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Bush pushes guest-worker program

President Bush, leaders of Mexico and Canada wrap up Cancun meetings

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President Bush and Canadian Prime Minister Stephen Harper listen as Mexico's Vicente Fox speaks Friday.

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CANCUN AGENDA

The leaders of the United States, Mexico and Canada met in Cancun, each with different priorities.
What Bush wants:
The U.S. president seeks support for his vision of a guest-worker program.
What Fox wants:
The Mexican president hopes to gain a role or at least leverage in any development of a U.S. guest-worker plan.
What Harper wants:
Canada's new prime minister wants to improve bilateral relations in his first meeting with Bush, and resolve trade disputes.

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Vicente Fox

CANCUN, Mexico (CNN) -- U.S. President Bush is pushing a program to allow more immigrants to work in the United States as he and the leaders of Mexico and Canada wrap up a two-day summit in Cancun, Mexico, on Friday.

"Look, we've got long borders. We've got to make sure we work hard to secure the borders. We also got to make sure we've got smart borders," Bush said at a joint news conference Friday.

"So, the whole vision of our borders has got to be to enhance trade and tourism, but to prevent smugglers and terrorists and dope runners from polluting our countries. And I'm confident with the use of technology and by close collaboration, we'll be able to achieve those objectives," Bush said.

Bush emphasized that the debate over immigration needed "to bring dignity to America, recognizing that America is a nation of immigrants." (Watch the debate as the political play of the week -- 1:48)

"There are people in our country doing work that Americans will not do, and those people ought to be given a chance to have a tamper-proof card that enables them to work in our country legally for a period of time," Bush said.

Such a guest-worker program, Bush said, "will help us rid the society on the border of these coyotes who smuggle people in the back of 18-wheelers. I believe it'll help get rid of the document forgers. I believe it'll help people on both sides of our border respect the laws of our border and enforce our borders."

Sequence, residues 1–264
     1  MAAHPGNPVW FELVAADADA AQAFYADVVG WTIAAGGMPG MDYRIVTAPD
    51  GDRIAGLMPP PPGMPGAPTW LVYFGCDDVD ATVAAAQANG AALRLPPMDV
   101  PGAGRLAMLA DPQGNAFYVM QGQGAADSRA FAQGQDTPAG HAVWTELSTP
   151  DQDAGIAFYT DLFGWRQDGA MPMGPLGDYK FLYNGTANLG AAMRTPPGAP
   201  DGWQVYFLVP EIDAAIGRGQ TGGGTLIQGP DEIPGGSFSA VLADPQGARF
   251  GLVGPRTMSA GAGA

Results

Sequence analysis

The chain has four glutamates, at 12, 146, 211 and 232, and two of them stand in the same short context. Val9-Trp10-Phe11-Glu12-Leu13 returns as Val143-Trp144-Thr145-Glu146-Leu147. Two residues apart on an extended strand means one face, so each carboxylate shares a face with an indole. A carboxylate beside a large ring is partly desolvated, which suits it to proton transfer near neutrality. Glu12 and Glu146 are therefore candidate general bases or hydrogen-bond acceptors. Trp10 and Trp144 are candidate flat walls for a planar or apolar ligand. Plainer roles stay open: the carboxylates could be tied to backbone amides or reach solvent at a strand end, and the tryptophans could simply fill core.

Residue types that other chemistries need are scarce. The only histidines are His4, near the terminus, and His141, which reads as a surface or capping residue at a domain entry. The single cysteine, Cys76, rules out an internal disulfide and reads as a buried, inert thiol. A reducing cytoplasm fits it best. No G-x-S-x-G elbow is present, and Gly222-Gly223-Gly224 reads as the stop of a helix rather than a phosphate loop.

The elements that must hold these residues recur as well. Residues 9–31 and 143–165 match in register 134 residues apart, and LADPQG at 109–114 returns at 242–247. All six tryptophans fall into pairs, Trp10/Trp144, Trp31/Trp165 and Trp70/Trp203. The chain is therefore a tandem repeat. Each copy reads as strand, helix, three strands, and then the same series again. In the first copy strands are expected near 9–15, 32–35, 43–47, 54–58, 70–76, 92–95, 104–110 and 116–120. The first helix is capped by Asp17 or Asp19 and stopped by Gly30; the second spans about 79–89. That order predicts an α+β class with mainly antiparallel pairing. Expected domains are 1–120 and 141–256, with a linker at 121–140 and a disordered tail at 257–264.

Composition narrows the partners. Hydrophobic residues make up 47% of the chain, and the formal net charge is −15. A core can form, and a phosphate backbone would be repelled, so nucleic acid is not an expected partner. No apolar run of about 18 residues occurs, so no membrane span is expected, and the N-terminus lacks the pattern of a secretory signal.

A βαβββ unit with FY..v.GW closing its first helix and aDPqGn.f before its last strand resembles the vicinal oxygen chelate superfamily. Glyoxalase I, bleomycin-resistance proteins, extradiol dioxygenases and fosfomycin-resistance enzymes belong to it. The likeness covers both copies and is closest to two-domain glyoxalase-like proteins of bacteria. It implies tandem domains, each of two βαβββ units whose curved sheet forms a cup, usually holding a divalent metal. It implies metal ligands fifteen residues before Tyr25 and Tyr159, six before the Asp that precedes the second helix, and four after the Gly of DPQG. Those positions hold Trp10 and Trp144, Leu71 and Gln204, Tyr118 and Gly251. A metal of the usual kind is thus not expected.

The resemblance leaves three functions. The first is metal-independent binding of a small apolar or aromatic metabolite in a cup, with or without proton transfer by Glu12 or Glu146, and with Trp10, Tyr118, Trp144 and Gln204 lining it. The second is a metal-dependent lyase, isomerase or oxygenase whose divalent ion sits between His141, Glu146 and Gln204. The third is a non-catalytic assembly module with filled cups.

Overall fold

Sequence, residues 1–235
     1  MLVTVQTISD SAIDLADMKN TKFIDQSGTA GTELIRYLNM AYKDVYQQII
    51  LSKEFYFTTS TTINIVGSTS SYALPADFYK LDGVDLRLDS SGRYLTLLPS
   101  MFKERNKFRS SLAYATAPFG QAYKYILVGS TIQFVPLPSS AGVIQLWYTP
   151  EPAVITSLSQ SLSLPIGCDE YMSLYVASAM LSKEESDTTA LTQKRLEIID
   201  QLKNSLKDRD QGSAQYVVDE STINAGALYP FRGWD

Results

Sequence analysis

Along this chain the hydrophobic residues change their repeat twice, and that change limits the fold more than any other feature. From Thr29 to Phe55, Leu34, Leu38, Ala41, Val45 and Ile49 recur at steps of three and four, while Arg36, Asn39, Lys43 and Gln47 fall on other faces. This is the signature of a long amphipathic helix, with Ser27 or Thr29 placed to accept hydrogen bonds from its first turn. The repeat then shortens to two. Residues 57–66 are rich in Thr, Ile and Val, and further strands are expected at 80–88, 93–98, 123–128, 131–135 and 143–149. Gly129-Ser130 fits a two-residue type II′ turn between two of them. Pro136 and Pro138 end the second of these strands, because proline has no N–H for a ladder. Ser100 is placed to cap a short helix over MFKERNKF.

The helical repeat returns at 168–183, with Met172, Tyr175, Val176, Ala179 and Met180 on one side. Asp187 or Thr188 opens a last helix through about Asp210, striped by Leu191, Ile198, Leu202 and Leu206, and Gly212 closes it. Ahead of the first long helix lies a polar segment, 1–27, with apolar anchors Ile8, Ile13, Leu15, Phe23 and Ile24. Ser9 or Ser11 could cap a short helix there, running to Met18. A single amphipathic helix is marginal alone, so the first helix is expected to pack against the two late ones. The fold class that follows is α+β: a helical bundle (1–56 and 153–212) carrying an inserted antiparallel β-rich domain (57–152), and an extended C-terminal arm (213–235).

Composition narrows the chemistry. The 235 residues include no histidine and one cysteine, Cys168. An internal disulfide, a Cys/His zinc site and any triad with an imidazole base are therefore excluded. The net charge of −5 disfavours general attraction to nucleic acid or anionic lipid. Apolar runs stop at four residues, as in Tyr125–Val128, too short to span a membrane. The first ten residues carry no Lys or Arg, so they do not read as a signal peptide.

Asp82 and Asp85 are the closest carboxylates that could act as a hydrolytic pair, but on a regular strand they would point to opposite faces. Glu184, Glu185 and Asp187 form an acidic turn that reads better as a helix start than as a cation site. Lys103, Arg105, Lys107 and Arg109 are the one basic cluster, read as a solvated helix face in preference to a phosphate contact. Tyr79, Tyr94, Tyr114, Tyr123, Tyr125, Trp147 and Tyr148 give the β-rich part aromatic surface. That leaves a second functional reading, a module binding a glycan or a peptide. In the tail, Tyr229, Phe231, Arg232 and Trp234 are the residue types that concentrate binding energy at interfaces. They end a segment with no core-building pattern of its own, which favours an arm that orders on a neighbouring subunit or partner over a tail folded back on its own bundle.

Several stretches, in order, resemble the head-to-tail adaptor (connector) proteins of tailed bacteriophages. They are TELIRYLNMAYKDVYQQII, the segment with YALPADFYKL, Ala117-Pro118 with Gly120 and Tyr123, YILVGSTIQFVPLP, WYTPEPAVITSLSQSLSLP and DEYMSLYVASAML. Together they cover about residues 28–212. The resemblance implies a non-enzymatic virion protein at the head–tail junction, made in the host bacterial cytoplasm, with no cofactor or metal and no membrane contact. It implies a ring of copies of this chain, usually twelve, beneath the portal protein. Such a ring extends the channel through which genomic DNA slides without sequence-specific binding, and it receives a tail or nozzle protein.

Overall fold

Mexican President Vicente Fox, a conservative in the final months of his presidency, is host to Bush and Canadian Prime Minister Stephen Harper in the Yucatan peninsula resort.

The U.S. Senate is debating a bill to overhaul immigration laws, including the guest-worker proposal, which would allow foreign nationals to get permits to work legally in the United States for three or up to six years.

Bush's proposal has put him at odds with some lawmakers in his own Republican Party who are demanding restrictions on immigration and criticize his proposal as an "amnesty" for illegal workers already in the United States. (Read about what House conservatives are saying)

The Mexican government supports the program, arguing that it will help relieve security pressures along the border.

"If there is a guest-worker program, and it's a legal avenue to have the migrants that [the U.S.] economy needs, then we can concentrate on other things that are so, so important at the border," Mexican Ambassador to the United States Carlos de Icaza told CNN on Thursday. (Full story)

On the Mexican side of the border, the government has pledged to try to create more jobs and provide housing credits as incentives to keep Mexicans at home. (Watch Lou Dobbs give his strong views -- 12:50)

Bush's meeting with Harper was the first since Harper's Conservative Party won power in a January election, ending 12 years of Liberal Party rule in Canada.

The Bush administration had sometimes frosty relations with Harper's predecessors, Jean Chretien and Paul Martin, particularly after the Canadian government refused to join the U.S.-led coalition in Iraq.

Harper, who is much closer to Bush ideologically, said during his recent campaign that he wanted to improve relations with the United States.

He also paid tribute to Fox's tenure as the leader of Mexico.

"I trust that [Fox] is going to leave a stronger economy that is shared, a firm democracy, respect for human rights and faithfulness to the most important principles for our shared progress for the security and prosperity partnership for North America and all the good results that come from a free market economy."

Harper said he and Bush have agreed to have Cabinet-level meetings "as soon as possible" to seek resolution on an issue that has irked Canadians -- a proposal to require them to have passports to enter the United States.

U.S. officials have said the measure is necessary to prevent terrorists from crossing the border.

The proposed restrictions "present for us some pretty significant challenges," Harper said. "We are concerned about disruptions to trade and other travel."

In an interview Tuesday with the Canadian network CTV, Bush insisted that despite differences on some issues, the relationship between the two countries has remained "unique and very strong."

Bush showed some wiggle room on the travel issue, saying that the United States may settle instead for a "tamper-proof" document "that will expedite border crossings, not delay border crossings," rather than requiring a passport.

"The idea is to make sure that tourists and trade move freely, and terrorists don't," he said.

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